By Most Rev. Richard W. Smith, Archbishop of Edmonton

Monday, March 6, 2017

I Want Candy!!!

It took me a while to know what he was saying. In the course of my pastoral visit to St Dominic Savio parish in Edmonton on Sunday, at the end of mass a little boy joined the line of people welcoming me to the parish. When his turn came, he shook my hand and was saying something I couldn’t make out. His height didn’t reach much beyond my knees and I couldn’t hear him with all the chatter around us. After I asked him a couple of times to repeat what he was saying, he finally raised his voice and shouted: “I want candy!” My instinctive response was, “So do I! Where can we get some?” Then I clued in that the parish often made a bowl of candy available to the kids as they left the church, and the boy obviously had his heart set on it. Someone else heard him, brought the bowl, and the little fella went off with a big smile, not really caring too much who the man in the strange hat was.

Another kind of irresistible desire is at the heart of the dramatic narrative told in the first reading of Sunday’s mass (Genesis 2: 7-9, 16-18, 25; 3:1-7). It has to do with the fruit of the tree of the knowledge of good and evil standing in the middle of the Garden of Eden. Adam and Eve have just been prohibited by God from taking and eating it, but the devil seduces them with a lie, as a result of which the tree became in their eyes so delightful and desirable that they could not resist the temptation to pick and consume it. Yet, rather than walking away happy and satisfied, they find themselves separated from God and one another, deeply ashamed. Their action gave rise to tragic hardship both for them and their human descendants (cf. Romans 5: 12-19).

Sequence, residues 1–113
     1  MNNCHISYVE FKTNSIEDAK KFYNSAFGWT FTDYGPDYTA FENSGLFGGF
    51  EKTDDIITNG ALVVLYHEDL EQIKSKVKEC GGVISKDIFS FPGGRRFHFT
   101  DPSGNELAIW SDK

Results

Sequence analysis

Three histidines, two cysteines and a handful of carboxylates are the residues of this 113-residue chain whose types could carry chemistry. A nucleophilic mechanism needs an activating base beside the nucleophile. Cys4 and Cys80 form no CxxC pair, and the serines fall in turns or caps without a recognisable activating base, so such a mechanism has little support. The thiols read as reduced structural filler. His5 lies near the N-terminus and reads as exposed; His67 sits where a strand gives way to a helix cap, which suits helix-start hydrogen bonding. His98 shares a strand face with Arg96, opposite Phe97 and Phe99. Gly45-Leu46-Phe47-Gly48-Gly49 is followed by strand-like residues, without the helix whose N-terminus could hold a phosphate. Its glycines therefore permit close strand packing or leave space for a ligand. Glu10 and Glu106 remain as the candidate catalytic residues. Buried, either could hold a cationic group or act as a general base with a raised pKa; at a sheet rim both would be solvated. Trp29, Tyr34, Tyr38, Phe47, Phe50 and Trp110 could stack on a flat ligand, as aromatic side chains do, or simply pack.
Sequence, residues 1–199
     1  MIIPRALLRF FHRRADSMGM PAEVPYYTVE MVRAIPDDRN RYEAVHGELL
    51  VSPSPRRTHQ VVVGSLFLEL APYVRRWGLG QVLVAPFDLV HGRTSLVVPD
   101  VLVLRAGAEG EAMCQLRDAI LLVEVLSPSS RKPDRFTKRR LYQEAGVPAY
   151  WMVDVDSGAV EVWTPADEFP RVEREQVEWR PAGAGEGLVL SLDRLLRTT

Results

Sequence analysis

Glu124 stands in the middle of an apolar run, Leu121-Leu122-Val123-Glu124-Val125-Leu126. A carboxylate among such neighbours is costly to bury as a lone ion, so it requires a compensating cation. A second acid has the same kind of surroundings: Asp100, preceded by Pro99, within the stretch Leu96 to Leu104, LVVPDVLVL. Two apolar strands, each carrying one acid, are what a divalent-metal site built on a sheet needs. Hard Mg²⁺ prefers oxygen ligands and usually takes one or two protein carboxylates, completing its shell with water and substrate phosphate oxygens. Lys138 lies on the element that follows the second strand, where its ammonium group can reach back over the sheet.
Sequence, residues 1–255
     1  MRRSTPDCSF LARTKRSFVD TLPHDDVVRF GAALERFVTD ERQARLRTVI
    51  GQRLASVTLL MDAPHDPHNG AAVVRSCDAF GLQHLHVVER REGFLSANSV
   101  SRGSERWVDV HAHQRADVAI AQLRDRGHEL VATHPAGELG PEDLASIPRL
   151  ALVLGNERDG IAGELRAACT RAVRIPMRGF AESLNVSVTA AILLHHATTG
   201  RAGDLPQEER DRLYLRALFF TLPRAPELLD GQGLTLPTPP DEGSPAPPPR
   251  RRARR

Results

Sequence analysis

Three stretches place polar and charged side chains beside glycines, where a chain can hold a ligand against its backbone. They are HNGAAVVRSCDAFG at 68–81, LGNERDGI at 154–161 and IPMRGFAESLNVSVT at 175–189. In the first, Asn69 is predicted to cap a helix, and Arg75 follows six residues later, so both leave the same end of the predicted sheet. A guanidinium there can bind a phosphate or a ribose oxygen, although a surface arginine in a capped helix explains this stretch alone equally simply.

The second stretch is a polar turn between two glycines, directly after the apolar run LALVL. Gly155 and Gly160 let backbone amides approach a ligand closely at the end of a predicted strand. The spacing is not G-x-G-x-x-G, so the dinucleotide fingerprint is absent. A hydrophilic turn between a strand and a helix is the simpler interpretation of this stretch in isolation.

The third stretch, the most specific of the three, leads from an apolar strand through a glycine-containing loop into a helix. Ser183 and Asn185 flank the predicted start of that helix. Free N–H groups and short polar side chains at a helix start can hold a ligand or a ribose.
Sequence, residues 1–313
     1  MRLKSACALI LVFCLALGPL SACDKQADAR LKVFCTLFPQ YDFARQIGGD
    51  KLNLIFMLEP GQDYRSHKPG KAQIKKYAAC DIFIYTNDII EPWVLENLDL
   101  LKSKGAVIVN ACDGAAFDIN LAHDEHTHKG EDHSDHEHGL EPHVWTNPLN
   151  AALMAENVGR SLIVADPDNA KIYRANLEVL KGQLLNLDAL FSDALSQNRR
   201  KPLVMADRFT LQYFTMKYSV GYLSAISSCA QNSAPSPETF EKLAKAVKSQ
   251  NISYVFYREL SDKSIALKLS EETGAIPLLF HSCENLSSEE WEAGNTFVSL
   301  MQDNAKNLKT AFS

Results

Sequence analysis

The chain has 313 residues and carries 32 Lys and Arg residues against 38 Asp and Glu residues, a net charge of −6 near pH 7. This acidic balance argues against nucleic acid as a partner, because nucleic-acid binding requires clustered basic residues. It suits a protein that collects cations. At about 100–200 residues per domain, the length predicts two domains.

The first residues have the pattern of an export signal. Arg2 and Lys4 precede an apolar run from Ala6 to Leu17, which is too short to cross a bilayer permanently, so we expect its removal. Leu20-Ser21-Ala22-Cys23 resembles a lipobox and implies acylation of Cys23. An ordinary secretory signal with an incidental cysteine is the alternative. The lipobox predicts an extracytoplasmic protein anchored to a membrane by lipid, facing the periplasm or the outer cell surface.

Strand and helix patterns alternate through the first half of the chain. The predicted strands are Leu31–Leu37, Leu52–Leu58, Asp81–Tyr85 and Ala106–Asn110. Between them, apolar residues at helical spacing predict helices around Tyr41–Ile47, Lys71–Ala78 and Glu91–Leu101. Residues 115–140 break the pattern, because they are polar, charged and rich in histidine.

We need to grasp what is happening here. God’s prohibition is to be likened to the warning given out of love by a parent to a child in order to protect. By imposing a limit upon their activity in the garden, God was teaching them that, as creatures, they were limited and needed, therefore, to place their trust in the wisdom and providence of God, who knows no limit. Reaching out toward the forbidden fruit was tantamount to the refusal of limit, to an attempt to be other than creature, to be, in effect, like God but apart from God. Adam and Eve believed the lie of the devil rather than the truth of God, allowed their trust in God to die, and sundered their communion with God through an original act of radical disobedience. (Cf. Catechism of the Catholic Church, 396-398.)

This narrative describes the essence of all temptation: beginning with the lie that God is not to be trusted, it seeks to have us rely not on God but on ourselves, to live our lives not on God’s terms but our own, and then makes what is harmful look good. The “I want candy” spoken by an innocent child becomes the “I want power, money, possessions, reputation,” or the “I refuse any limit to my personal autonomy,” or the “I want truth and reality to be whatever I declare it to be” of the adult whose heart, mind and vision have been distorted by evil seduction. Pursuit of such desire leads away from God, and away from our true selves in consequence. The only one left smiling is the devil himself.

Such temptation waged against us weak and vulnerable individuals is extraordinarily powerful. But we know One who is more powerful yet. The Gospel account of Jesus’s effortless resistance against the temptations he faced when he encountered the devil in the desert (cf. Matthew 4:1-11) reminds us to turn to the Lord for a share in his strength when seductions come our way. At no point in his earthly life did Jesus allow his trust in the Father to die. Living in his grace, we can have confidence that he will strengthen our own trusting reliance upon the wisdom and the providence of the Father, and thus enable us to live in the peace and joy God wills for us.